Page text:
ORIGINAL ARTICLE
Year : 2019  |  Volume : 10  |  Issue : 2  |  Page : 149-156

The improvement of pain behavior and sciatic nerves morphology in mice model of painful diabetic neuropathy upon administration of ginger (Zingiber officinale Roscoe.) extract and its pungent compound, 6-shogaol


1 Department of Pharmacology and Clinical Pharmacy, Faculty of Pharmacy, Universitas Gadjah Mada, Yogyakarta; Department of Clinical and Community Pharmacy, Faculty of Pharmacy, Jember University, Jember, Indonesia
2 Department of Pharmacology and Clinical Pharmacy, Faculty of Pharmacy, Universitas Gadjah Mada, Yogyakarta, Indonesia
3 Department of Histology and Cell Biology, Faculty of Medicine, Public Health and Nursing, Universitas Gadjah Mada, Yogyakarta, Indonesia

Correspondence Address:
Arief Nurrochmad
Department of Pharmacology and Clinical Pharmacy, Faculty of Pharmacy, Universitas Gadjah Mada, Sekip Utara, Yogyakarta 55281
Indonesia
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Source of Support: None, Conflict of Interest: None


DOI: 10.4103/jnsbm.JNSBM_219_18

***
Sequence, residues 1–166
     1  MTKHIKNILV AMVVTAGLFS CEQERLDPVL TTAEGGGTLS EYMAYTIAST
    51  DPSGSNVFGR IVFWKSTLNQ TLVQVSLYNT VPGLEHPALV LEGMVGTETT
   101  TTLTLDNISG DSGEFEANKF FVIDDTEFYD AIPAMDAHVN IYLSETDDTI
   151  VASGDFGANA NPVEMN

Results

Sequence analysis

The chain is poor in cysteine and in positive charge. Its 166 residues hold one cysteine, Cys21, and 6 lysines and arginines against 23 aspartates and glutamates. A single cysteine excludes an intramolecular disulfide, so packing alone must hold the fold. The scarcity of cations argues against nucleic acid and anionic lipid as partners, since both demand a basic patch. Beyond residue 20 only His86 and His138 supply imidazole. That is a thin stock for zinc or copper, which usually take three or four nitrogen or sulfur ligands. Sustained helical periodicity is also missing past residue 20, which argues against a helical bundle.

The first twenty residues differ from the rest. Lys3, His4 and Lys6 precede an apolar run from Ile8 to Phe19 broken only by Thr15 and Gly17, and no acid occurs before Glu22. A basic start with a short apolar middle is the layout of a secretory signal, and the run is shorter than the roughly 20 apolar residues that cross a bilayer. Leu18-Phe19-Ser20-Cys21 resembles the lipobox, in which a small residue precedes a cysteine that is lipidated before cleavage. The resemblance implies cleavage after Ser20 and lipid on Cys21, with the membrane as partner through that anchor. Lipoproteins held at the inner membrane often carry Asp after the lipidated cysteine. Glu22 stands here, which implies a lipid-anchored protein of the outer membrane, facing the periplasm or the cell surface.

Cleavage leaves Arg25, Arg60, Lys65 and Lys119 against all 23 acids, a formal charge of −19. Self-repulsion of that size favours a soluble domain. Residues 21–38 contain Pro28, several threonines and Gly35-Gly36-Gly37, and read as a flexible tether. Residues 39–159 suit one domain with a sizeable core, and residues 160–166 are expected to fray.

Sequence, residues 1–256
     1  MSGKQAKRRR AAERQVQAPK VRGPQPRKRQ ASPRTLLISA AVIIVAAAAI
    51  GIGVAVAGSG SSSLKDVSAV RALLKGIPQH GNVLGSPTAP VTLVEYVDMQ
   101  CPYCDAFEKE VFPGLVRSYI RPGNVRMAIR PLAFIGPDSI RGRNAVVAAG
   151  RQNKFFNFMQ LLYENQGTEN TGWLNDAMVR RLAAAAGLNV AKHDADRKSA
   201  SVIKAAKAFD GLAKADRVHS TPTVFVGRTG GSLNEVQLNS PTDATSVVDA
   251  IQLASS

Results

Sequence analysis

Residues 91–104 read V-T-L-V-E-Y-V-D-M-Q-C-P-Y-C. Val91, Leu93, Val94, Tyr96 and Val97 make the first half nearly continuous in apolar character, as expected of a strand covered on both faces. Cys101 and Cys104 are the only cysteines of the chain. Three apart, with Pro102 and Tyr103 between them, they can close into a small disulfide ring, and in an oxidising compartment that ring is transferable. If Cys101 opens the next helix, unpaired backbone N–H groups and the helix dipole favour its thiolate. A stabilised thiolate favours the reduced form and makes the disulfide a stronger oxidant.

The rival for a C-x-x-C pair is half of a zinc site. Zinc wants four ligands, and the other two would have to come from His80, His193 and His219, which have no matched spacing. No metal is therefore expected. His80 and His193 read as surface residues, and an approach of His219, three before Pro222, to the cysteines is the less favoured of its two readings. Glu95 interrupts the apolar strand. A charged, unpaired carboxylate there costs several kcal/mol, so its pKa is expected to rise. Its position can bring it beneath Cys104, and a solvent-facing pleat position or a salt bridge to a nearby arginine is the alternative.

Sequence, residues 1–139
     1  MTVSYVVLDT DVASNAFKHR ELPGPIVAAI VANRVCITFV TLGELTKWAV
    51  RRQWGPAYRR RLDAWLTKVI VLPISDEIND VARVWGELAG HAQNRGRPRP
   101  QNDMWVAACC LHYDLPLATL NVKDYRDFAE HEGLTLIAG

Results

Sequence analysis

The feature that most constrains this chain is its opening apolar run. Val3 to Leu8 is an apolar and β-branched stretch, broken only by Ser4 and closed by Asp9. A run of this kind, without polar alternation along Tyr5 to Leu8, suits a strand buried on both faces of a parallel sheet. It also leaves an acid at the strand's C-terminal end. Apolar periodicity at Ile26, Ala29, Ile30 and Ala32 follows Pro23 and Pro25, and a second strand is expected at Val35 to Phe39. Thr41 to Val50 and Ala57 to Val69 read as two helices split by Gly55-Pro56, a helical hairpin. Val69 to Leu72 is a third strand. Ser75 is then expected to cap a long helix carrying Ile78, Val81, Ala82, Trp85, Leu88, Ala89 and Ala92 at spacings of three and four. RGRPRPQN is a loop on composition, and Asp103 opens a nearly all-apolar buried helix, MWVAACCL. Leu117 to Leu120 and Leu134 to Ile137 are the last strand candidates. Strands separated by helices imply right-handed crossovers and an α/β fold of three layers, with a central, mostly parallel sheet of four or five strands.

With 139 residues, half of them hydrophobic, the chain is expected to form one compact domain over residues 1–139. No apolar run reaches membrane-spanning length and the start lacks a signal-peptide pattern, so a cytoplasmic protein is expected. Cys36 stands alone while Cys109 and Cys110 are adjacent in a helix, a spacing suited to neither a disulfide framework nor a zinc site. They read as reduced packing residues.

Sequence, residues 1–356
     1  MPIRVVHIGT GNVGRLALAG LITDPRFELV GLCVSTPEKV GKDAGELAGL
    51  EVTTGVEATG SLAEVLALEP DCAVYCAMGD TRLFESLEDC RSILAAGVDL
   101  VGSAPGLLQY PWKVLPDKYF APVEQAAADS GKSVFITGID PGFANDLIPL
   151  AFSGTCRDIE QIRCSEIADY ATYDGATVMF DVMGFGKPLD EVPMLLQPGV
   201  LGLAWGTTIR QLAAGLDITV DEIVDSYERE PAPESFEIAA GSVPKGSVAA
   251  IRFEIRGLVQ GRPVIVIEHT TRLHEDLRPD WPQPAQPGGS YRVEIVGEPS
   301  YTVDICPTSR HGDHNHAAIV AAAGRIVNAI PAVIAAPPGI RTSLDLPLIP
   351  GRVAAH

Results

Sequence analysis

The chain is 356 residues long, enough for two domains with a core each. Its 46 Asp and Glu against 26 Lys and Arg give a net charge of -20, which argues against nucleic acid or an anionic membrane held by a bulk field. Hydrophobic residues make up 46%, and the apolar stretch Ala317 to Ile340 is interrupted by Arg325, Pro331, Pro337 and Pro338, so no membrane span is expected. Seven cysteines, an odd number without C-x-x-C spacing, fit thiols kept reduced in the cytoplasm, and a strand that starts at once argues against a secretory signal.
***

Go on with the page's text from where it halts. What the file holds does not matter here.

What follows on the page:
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Background: 6-Shogaol is one of the bioactive compounds from ginger (Zingiber officinale Roscoe.) that had been widely used in many diseases. This research was aim to investigate the effect of ginger extract and its pungent compound, 6-shogaol on pain behavior and sciatic nerve morphology in mice model of painful diabetic neuropathy. Materials and Methods: Seventy-two male BALB/c mice were divided into nine groups. Diabetes was induced by single intraperitoneal injection of streptozotocin (STZ) 110 mg/kg body weight (BW). The mice were considered diabetic when the serum glucose level was at least 200 mg/dL. Thermal and mechanical hyperalgesia was measured using tail-flick latency and Randall–Selitto test once a week. Daily oral administration of 6-shogaol doses 5, 10, and 15 mg/kg BW, ginger extract doses 100, 200, and 400 mg/kg BW, or gabapentin dose 100 mg/kg BW was started at week 4. Diabetic mice without treatment and mice without STZ induction were used as controls. At week 7, the mice were euthanized, and paraffin sections of 1% osmium tetroxide-stained sciatic nerve samples were observed. Results: Ginger extract and 6-shogaol, but not gabapentin, produced dose-dependent lowering blood glucose effect. However, the mean of serum glucose level was not <200 mg/dL. After 4 weeks of hyperglycemia, the diabetic groups showed signs of hyperalgesia. The ginger extract, 6-shogaol, and gabapentin administration attenuated the hyperalgesic effect. The microstructure of sciatic nerves in diabetic mice that received ginger extract and 6-shogaol was less damaged compared to the diabetic control group. Conclusion: From this research, ginger extract and its pungent compound, 6-shogaol, showed anti-hyperalgesic and neuroprotective effects.


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